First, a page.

A review by obesity researcher David Ludwig of Children's Hospital Boston, epidemiologist S. Jay Olshansky of the University of Illinois at Chicago, and colleagues concludes that obesity now reduces average life expectancy by about 4 to 9 months, a conservative estimate. More ominously, the researchers further conclude that if the current epidemic of child and adolescent obesity continues unabated, life expectancy could be shortened by two to five years in the coming decades.
The researchers based their predictions on data on the prevalence of obesity from the National Health and Nutrition Examination Survey and previously published estimates of years-of-life lost from obesity. A reduced life expectancy could have implications for such programs as Social Security and Medicare, they suggest.
Current trends indicate that the prevalence of obesity will continue to rise and affect ever-younger age groups, especially among children, the researchers note. Minority groups are expected to be hardest hit because of their reduced access to health care and especially sharp increases in childhood and adult obesity.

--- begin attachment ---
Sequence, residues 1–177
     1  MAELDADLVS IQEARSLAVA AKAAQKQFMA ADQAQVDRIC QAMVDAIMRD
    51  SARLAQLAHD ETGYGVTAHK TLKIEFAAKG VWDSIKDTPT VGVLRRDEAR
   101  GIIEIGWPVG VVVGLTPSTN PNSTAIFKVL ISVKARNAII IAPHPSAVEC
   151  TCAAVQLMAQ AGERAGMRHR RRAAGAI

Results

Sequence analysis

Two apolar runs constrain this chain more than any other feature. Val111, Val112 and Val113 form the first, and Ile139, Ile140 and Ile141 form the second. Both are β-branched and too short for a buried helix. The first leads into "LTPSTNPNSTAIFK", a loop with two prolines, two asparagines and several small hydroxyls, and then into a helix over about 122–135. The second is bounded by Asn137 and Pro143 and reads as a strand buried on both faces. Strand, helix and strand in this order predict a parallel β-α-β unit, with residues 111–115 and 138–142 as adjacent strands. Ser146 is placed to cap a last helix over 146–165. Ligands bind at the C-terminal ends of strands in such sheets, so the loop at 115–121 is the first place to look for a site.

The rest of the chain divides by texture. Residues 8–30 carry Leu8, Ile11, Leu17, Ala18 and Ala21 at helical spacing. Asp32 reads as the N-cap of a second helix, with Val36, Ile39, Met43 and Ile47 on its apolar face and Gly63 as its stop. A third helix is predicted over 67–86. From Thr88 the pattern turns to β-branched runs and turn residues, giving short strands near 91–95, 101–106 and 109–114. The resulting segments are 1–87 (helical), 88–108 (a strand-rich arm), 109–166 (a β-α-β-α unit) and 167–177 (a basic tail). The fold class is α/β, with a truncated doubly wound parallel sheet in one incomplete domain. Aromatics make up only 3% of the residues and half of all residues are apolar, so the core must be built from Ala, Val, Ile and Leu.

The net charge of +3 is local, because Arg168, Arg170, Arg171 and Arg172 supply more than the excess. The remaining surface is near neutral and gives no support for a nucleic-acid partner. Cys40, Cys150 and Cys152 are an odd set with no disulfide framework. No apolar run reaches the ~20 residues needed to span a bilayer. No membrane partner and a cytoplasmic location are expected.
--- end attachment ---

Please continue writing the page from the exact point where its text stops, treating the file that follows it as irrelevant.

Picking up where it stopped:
The long-term consequences of the child obesity epidemic have yet to be seen, says Ludwig, who directs the Optimal Weight for Life (OWL) program at Children's Hospital Boston. Obesity is known to increase risk for heart disease and cancer, and the surge in childhood obesity has already triggered an unprecedented rise in type 2 ("adult") diabetes in children.
"The tsunami of childhood obesity has not yet hit the shore -- it takes many years for complications to develop," Ludwig says. "If the clock starts ticking at age 12 or 14, the con
Contact: Bess Andrews
Children's Hospital Boston